The Problem With CAATSA

The U.S. government has many reasons to grant India a waiver for its purchases of Russian defense equipment.

With a Russian-made S-400 long range Surface to Air (SAM) missile system set to arrive in India by the end of this year, there remains speculation as to whether India will be sanctioned by the United States under the Countering America’s Adversaries Through Sanctions Act (CAATSA). Under this act, the U.S. government has the authority to sanction countries that engage in “significant transactions” with North Korea, Iran, or Russia through the purchase of military equipment. The Indian government has yet to publicly comment, as New Delhi only recognizes United Nations sanctions, and not country specific sanctions, such as CAATSA. However, New Delhi is eligible for a waiver, a provision that was included in CAATSA.

Until now, the only item that has qualified as a “significant transaction” is the purchase of the S-400 SAM system, which has so far been purchased by China, Turkey, and India, out of which China and Turkey have been sanctioned under CAATSA. To understand the dynamics behind CAATSA, and to assess New Delhi’s chances at a waiver, we will further examine bilateral relations between the U.S. and each of these countries and the effect of CAATSA sanctions on China and Turkey.

China

China is an aspiring superpower. In its expansionist aspirations, it is flouting international maritime law in an attempt to acquire contested islands in the South China Sea, threatening Taiwan with provocative military drills, and has disputed land boundaries with India and Bhutan. It has violated human rights on multiple fronts, from clamping down on pro-democracy activists in Hong Kong to the repression of the Tibetans as well as the ethnic Uyghur population in the Xinjiang region of western China. Beijing has violated intellectual property rights violations and stolen technology over the decades in order to bolster its capacity to manufacture cheap products that it sells globally. Both Beijing’s outlook and its pugnacious behavior are in contravention to Washington’s professed values.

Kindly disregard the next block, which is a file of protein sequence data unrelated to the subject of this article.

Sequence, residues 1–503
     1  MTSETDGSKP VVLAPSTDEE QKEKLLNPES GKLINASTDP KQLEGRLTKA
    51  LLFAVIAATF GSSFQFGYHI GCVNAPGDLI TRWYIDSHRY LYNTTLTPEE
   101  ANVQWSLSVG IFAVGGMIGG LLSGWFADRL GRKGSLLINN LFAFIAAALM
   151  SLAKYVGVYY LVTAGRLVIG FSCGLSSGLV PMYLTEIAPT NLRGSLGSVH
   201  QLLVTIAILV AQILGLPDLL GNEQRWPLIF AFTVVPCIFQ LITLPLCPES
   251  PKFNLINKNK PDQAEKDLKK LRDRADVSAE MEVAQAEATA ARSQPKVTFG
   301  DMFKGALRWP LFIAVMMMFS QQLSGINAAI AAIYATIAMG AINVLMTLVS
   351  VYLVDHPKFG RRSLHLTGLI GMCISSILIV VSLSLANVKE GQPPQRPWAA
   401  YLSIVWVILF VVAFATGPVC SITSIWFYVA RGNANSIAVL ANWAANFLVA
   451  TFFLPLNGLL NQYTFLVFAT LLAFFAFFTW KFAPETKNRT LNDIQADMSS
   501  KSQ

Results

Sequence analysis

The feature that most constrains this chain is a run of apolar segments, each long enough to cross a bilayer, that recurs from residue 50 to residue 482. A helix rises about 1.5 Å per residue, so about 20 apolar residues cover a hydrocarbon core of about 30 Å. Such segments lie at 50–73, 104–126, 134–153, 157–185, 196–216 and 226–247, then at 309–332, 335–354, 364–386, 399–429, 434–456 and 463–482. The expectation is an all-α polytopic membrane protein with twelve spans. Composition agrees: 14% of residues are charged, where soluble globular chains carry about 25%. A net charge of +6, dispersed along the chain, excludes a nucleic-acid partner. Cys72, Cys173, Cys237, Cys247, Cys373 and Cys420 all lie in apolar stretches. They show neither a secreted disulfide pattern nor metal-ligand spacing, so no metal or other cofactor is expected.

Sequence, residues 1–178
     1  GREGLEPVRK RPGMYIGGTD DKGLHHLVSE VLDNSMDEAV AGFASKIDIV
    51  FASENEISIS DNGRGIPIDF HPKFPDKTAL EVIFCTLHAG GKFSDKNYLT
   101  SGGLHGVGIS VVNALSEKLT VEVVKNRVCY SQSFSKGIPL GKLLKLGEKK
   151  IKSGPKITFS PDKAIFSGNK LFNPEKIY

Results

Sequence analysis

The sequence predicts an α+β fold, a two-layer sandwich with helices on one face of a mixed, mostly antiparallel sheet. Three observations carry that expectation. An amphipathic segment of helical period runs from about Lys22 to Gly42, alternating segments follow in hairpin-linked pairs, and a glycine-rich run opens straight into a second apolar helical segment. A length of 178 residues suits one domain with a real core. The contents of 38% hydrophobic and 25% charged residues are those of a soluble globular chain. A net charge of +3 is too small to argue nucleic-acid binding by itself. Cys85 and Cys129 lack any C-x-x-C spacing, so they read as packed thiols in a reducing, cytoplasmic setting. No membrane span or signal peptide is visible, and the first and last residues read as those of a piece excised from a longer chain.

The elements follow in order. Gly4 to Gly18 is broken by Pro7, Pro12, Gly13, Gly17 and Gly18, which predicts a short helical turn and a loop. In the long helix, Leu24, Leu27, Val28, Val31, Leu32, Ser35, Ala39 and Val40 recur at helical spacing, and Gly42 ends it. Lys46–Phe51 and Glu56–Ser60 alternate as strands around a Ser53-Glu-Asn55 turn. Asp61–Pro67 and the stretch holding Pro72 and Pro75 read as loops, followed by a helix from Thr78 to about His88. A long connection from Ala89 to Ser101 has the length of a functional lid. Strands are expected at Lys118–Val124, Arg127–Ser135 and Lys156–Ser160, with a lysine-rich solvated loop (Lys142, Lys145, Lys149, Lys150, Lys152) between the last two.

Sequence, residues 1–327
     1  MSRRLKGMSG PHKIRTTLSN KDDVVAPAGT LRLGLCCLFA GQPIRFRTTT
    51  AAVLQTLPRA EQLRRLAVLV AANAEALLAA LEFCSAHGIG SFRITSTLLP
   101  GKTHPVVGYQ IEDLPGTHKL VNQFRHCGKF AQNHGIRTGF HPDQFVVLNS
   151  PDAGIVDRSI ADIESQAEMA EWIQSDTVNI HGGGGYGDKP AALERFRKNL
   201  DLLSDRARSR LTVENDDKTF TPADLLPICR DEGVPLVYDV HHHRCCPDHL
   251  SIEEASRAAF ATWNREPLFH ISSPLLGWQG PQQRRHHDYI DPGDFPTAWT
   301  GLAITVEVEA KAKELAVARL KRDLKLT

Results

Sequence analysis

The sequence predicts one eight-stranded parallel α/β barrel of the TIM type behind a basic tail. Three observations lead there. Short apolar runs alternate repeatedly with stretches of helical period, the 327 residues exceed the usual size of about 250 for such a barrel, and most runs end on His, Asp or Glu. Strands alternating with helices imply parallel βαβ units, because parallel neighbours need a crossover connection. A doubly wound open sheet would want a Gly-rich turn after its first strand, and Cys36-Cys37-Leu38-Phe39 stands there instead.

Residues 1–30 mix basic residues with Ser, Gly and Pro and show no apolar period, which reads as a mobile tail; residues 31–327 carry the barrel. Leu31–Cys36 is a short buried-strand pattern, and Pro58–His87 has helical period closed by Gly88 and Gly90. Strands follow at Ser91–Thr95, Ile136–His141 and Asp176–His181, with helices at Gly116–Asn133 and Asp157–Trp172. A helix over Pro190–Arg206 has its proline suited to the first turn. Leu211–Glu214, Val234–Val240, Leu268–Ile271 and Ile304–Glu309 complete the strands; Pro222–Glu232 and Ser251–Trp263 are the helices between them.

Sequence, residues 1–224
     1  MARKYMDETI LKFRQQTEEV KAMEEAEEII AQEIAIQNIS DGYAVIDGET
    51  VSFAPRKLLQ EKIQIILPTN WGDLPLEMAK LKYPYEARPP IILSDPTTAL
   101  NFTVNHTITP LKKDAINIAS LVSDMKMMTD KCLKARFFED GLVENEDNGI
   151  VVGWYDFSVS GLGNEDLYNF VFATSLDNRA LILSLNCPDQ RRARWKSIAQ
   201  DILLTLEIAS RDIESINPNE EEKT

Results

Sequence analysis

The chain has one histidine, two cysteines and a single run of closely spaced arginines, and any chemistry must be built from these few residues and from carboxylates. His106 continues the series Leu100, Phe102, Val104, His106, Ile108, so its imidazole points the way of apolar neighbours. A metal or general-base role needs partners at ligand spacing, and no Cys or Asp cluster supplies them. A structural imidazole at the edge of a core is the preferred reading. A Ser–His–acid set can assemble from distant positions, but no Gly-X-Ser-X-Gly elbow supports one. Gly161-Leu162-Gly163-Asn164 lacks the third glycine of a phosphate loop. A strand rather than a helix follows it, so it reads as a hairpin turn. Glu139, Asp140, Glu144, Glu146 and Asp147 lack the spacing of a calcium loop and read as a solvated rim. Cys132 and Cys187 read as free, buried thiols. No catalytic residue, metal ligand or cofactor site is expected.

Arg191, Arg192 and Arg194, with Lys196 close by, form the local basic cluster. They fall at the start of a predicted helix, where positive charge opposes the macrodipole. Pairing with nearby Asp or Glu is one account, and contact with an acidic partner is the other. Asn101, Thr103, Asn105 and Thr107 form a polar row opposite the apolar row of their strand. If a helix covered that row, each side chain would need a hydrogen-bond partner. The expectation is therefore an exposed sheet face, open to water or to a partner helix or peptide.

China acquired the S-400 in order to fortify its superpower aspirations and was hit with sanctions under CAATSA in 2018. The sanctions, which were supposed to deter China from military purchases from Russia, have been futile. This is evident from the country’s recent purchase of Mi 171Sh combat helicopters from Russia, and the continued technological collaboration in defense between the two countries.

Turkey

Turkey is a NATO member and, with the help of the U.S., has built a robust aerospace industry over the past half-century. Turkey owns over 270 F-16 fighters and has an assembly line that can manufacture and upgrade the aircraft. Thanks to its robust aerospace industry, Turkey is in the process of building its own fifth generation fighter, the TFX, which is scheduled to make its first flight in 2025. Turkish President Recep Tayyip Erdogan had a unique reason for purchasing the S-400 system: to defend himself from his own air force.

Turkey received the first consignment of S-400s in 2018, and immediately the U.S. cancelled a sale of F-35 fighters to Turkey. After a considerable delay, Trump imposed CAATSA sanctions on Turkey in December 2020, indicating that there is a degree of discretion in the government’s imposition of CAATSA sanctions. Despite CAATSA, Turkey is contemplating buying additional S-400 systems from Russia. Turkish Defense Minister Hulusi Akar earlier this year threatened that his country needs 200 fighters and if can’t get them from U.S., it will get them from Russia. As a result, Washington is now in talks with Ankara to sell additional F-16 fighters to Turkey.ADVERTISEMENT